Where the Lord Makes His Home | Reflections from Rome 2023
A big highlight of this trip is to see these magnificent churches throughout Italy. Growing up as a Baptist in the suburbs of Dayton, Ohio, I had no idea of the beauty that existed in church buildings. After becoming Catholic in college, I started going to St. Mary’s in Mobile, Alabama. At the time, this 150-year-old stone church was the most stunning building I had ever been in. The building taught the person in the pew about the faith, and everything directed the eye to its main point of worship on the altar. Nine years later, I have seen many more beautiful churches nationwide. Still, we see a whole different level here in Italy. Buildings that today would pass as the grandest of cathedrals were local parish churches to the medieval and early modern Florentines. But why put so much effort into building these monuments?
This year, we celebrated Pentecost together on the program, a feast that predates Christianity. Known in Judaism as the “Festival of Weeks,” we can see the establishment of this holiday in both Exodus and Leviticus. It celebrates the establishment of the covenant on Mt. Sinai, where, after 50 days of fleeing the Egyptians, the ancient Israelites go to worship God. There, God descends onto the mountain, leading to flashing lightning and an earthquake. God makes his presence known to the Israelite people. Amazingly, God’s presence then occupies the tabernacle upon its completion and resides with the Israelites as they prepare their journey through the desert. A similar phenomenon happens in 1 Kings 8 when, after Solomon completes the temple, a cloud again descends and fills the house of the Lord. We see that Pentecost is all about the dwelling place of God, God making a home for himself among his people. This same theme is taken up again all through the book of Ezekiel, where the prophet sees the glory of the Lord enter the mystical temple, but he also sees its departure. It is after he sees this departure that he prophesies about a new covenant that the Lord will make with his people, granting them new hearts. In the end, after seeing much tribulation, Ezekiel again sees the Lord’s glory entering the eschatological temple.
After the destruction of Solomon’s temple, we do not see this imagery again until the figure of Mary. In Luke’s Gospel, the angel Gabriel tells her, “The Holy Spirit will come upon you, and the power of the Most High will overshadow you” (Lk 1:35). It has long been the tradition of the Church to see Mary as the new tabernacle, for she becomes the dwelling place of God! When she heard these words, she understood the implications. So, if Mary is the new tabernacle, a dwelling place for God, but still a temporary one, what is the new temple? In Luke’s Gospel, the overshadowing also occurs during the Transfiguration, when Jesus’s full glory manifests to the disciples. Jesus is God, and therefore his body is the dwelling place of God. But Luke takes this another step forward, for we know that the body of Christ is not just his physical body on earth, but the Church itself! The Acts of the Apostles (also authored by Luke) tells the story of the Christian origin of Pentecost, when the Holy Spirit descends “like the rush of a mighty wind, and it filled all the house where [the disciples] were sitting. And there appeared to them tongues as of fire, distributed and resting on each one of them. And they were all filled with the Holy Spirit and began to speak in other tongues, as the Spirit gave them utterance” (Acts 2:2-4). The Church is the new temple, for God dwells in their very hearts! But what does all this have to do with the church buildings?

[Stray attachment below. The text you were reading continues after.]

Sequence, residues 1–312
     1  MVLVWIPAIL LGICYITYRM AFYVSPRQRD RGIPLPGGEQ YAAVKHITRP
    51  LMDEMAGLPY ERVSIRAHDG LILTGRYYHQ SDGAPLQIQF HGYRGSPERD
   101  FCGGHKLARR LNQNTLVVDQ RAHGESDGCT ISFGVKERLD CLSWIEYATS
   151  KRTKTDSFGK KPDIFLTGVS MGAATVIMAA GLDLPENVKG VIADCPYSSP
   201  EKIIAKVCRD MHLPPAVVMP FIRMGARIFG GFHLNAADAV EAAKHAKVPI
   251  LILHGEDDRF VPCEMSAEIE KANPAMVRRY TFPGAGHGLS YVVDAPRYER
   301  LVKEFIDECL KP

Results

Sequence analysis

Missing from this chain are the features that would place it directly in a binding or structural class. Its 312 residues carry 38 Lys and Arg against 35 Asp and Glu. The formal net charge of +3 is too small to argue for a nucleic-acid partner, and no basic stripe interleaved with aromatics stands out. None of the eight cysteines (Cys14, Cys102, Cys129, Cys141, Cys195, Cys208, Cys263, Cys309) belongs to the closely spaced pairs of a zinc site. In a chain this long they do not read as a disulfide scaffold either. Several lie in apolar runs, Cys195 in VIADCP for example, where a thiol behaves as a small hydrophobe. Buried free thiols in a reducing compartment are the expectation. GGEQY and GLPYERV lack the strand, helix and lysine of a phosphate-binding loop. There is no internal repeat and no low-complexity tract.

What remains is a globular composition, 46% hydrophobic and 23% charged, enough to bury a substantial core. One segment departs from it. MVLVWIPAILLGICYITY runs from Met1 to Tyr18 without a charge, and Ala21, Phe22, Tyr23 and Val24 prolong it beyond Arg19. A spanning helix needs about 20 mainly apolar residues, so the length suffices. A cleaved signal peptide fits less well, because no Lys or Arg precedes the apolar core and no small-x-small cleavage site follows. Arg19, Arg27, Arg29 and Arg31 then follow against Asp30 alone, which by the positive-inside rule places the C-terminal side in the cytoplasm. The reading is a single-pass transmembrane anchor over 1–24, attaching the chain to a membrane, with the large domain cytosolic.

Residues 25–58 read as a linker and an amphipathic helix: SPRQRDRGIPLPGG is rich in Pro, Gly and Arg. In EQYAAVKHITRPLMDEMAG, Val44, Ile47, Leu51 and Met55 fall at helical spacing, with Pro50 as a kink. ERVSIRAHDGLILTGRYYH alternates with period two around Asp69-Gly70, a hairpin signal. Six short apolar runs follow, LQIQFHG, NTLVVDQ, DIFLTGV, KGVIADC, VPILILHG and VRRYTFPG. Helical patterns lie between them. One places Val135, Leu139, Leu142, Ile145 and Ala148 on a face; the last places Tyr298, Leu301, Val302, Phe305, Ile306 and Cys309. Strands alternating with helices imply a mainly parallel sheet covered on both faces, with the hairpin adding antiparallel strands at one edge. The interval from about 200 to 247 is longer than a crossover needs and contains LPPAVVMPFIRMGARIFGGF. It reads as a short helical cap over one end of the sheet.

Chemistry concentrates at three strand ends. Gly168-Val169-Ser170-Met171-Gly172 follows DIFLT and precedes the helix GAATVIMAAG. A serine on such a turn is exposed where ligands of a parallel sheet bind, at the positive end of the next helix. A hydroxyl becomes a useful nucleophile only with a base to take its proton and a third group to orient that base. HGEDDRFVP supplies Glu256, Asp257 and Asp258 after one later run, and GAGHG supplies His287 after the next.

The early Christians recognized all of this, so when they began building churches, they did not mimic the model of the ancient pagan temples, usually only big enough for a priest and a few worshippers at a time. Instead, they modeled churches off the ancient Roman basilicas, which were multi-functioned buildings with the primary purpose of being able to host most of the city. The early Christians recognized that the Church was not the Church unless it was worshipping together as a unified body. This is why we see St. Paul admonishing the Corinthians for partaking in the breaking of the bread without the whole community. These church buildings, then, remind the people of their identity as members of the Church, dwelling places of God. In these spaces, the Lord works to prepare them for his presence. Here, God’s people receive the sacraments, such as Baptism, when God first comes into a person’s soul, and the Eucharist, where Jesus comes in his body, blood, soul, and divinity to feed and nourish his people. It is where the people come to conform to Christ, open themselves up to him, and accept his loving presence. And it is where the Church acts as a unified body, where they worship and receive Christ together, so they can go out and be Christ to the world.
So why do we make these buildings so beautiful? Because they are where we come to know Christ, to live in his presence, and to prepare ourselves for him to dwell in us. Pentecost makes this mystery a reality, reminding us that God has made his dwelling in us! This has been God’s plan since he walked with Adam and Eve in the cool of the evening. He wants to make your heart and my heart his permanent home. Open yourself to his call and allow the Lord to enter.
Archdiocese of Cincinnati